Tampa Bay Lightning at Toronto Maple Leafs: Is this a playoff preview?

And if so, round one or round two?

Tampa Bay Lightning at Toronto Maple Leafs: GAME #56

Time: 7:00 Eastern Time

Location: Air Canada Centre

Broadcast / Streaming: NHLN-US, TVAS, TSN4, SUN

Opponent SBNation Site: Pension Plan Puppets


Today we interviewed Pension Plan Puppets’ Marlies correspondent (and our own Quick Strikes specialist) Hardev about his feelings regarding the Toronto Maple Leafs. We asked him all the hard questions, too.

Raw Charge: Who’s better, Mitch Marner or William Nylander, and why?

Hardev: Jesus. That’s a tough one.

Their statistical lines are completely identical. They both had 60 points last year and are both on pace for 60.4 this season. It’s hard to say one is better than the other because while Nylander has Auston Matthews as his pivot, Marner has had James van Riemsdyk on his opposite wing for a while as well as sheltered minutes on the third line.

More recently Marner has been put with better players in 30-goal scorer Nazem Kadri and future Hall of Famer Patrick Marleau and been given the same sort of competition as the Matthews line. I think it all comes out as a tie that can be decided by personal preference based on their style of play.

Nylander is smooth and dynamic, while Marner is a waterbug who is just trying sh*t all the time. Personally, I would say William Nylander because I think playing against top competition on the road every night is harder to do. Also, Nylander is most likely going to transition into a center after this season. He takes the right-side faceoffs in every situation he and Matthews are out on the ice, with Matthews taking the left. He’s had to play center in pinches, especially when Matthews was injured and did a very admirable job of it, all things considered.

Raw Charge: Please explain the Leafs’ defensive system and who seems to best understand what Mike Babcock wants out of defensive play.

Hardev: I may need to phone a friend for the first part. My systems analysis is what some might call “a work in progress”. But I can tell you that from his body of work all season and by seeing how much Babcock trusts him, Ron Hainsey is the player who plays the system to the letter, who teaches his defensive partner (most often Morgan Rielly but sometimes Jake Gardiner) where to be and when, and who is the most consistent of the group.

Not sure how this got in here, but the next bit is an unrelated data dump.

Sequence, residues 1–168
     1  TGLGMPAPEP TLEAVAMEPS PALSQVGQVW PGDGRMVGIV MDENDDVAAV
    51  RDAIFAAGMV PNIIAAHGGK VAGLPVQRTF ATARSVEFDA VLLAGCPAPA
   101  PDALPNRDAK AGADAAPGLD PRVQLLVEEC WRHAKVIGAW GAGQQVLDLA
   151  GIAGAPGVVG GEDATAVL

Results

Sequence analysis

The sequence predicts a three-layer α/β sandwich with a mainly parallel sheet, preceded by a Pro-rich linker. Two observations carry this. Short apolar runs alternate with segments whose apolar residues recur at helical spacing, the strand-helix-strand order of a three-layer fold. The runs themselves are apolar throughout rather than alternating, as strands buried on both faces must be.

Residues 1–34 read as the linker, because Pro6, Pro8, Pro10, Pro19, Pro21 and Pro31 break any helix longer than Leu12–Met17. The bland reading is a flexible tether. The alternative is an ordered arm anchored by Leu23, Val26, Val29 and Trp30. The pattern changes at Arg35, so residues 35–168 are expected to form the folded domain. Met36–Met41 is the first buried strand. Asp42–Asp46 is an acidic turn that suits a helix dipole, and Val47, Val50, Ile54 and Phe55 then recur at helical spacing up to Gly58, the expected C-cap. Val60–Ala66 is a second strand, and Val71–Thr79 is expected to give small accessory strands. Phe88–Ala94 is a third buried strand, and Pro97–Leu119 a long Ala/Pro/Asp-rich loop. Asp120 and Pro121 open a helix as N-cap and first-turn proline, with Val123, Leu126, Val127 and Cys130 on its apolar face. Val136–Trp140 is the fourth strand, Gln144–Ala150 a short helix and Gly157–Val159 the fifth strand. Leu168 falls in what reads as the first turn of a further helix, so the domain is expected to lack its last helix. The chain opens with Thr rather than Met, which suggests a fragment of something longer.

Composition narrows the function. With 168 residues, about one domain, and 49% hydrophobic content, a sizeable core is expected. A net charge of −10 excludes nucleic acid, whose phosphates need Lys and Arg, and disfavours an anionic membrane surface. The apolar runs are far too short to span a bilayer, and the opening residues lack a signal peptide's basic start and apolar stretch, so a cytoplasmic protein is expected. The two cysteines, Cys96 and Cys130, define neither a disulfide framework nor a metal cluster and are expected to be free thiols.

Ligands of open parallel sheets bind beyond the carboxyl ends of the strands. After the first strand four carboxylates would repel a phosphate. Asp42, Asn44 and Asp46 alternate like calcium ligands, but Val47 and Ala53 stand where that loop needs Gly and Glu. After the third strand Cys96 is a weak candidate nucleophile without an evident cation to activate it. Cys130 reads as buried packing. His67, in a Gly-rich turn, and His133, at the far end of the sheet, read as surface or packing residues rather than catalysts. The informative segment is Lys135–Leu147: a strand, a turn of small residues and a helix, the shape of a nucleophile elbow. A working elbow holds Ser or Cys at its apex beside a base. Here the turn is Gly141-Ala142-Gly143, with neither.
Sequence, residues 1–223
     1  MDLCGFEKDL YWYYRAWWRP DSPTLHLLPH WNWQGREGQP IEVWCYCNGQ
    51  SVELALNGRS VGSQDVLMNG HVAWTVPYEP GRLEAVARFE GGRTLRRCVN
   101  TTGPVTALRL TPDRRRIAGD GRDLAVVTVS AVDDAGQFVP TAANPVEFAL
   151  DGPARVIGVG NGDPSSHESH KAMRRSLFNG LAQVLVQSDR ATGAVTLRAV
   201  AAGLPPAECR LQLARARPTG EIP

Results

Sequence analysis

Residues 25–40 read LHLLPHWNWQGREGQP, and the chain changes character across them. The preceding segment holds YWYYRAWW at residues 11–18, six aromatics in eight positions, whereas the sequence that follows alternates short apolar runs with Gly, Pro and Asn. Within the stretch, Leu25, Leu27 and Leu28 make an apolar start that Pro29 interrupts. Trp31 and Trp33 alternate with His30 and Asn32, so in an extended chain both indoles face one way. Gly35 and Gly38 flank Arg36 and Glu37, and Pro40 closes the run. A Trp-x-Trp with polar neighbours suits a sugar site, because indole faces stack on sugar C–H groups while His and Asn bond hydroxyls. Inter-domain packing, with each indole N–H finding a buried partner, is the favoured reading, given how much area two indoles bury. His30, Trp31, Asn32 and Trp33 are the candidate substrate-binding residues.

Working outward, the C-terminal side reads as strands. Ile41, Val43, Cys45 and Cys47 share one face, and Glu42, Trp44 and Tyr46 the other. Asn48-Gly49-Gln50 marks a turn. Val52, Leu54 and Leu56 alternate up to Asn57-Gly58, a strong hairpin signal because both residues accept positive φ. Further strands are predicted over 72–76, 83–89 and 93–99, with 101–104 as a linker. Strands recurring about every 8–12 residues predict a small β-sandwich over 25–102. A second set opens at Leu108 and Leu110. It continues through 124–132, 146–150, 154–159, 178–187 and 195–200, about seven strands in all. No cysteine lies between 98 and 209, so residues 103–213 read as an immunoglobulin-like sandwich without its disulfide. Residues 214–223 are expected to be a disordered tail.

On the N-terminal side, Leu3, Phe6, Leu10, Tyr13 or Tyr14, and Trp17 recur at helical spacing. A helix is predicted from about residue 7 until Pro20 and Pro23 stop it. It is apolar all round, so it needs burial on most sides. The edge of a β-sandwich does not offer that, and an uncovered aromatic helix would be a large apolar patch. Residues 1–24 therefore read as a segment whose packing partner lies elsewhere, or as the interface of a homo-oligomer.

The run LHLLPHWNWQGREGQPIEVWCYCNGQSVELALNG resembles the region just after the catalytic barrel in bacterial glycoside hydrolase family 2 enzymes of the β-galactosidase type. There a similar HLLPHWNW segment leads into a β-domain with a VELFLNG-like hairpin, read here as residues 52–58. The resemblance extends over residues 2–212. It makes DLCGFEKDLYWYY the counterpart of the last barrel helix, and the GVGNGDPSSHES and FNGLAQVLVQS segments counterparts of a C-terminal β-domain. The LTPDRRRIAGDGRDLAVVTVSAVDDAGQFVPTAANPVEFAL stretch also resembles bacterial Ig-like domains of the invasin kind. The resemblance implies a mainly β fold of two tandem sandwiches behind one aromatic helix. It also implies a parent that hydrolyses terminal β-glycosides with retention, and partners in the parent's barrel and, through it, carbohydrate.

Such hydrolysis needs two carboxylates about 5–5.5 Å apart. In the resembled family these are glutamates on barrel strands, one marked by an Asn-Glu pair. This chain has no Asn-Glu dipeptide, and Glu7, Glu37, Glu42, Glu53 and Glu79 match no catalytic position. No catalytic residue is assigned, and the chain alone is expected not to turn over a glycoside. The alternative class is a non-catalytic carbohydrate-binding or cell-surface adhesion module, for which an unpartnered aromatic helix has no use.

For the forwards, the clear answer is Zach Hyman. He’s been the defensive presence for Matthews and Nylander from day one. His positional awareness is outstanding, he covers for defensemen when he needs to, he back checks, and he’s one of the primary penalty killers alongside Leo Komarov. I’ve noticed on several occasions that in the defensive zone, Hyman would be the player in front of the net, acting as the center, with Matthews and Nylander guarding the points. It’s a brilliant piece of creativity by the coaching staff in my mind because Hyman probably has the biggest physical presence on the line, he’s responsible down low, and if there’s a mistake by a defenseman, Matthews and Nylander are away on a break.

The Leafs’ love for Hyman dates back to his first years with the Marlies. Its a running joke that the Marlies video sessions were just a Hyman highlight pack of all the good things he does while on the ice. Steve Dangle did an interview with coach Sheldon Keefe and GM Kyle Dubas and I think it sums Hyman up perfectly, in case any of the readers would like a bit of pre-game homework.

I can rant and rave about Hyman for days, haha.

Raw Charge: What is the biggest worry that the Leafs fanbase has right now?

Hardev: There are a few, some that not too many people are saying out loud but would have season-threatening consequences, and others that everyone is talking about but that do not really have much of an impact in the grand scheme of things.

An example of the latter would be playing Roman Polak. We all know Polak is bad. He’s not good at the things his defenders say he’s good at, and he handcuffs the lineup both on the ice and in different situations. He takes a lot of penalties when his biggest plus is supposedly penalty killing, and he’s basically a scratch when the Leafs are late into a tight game.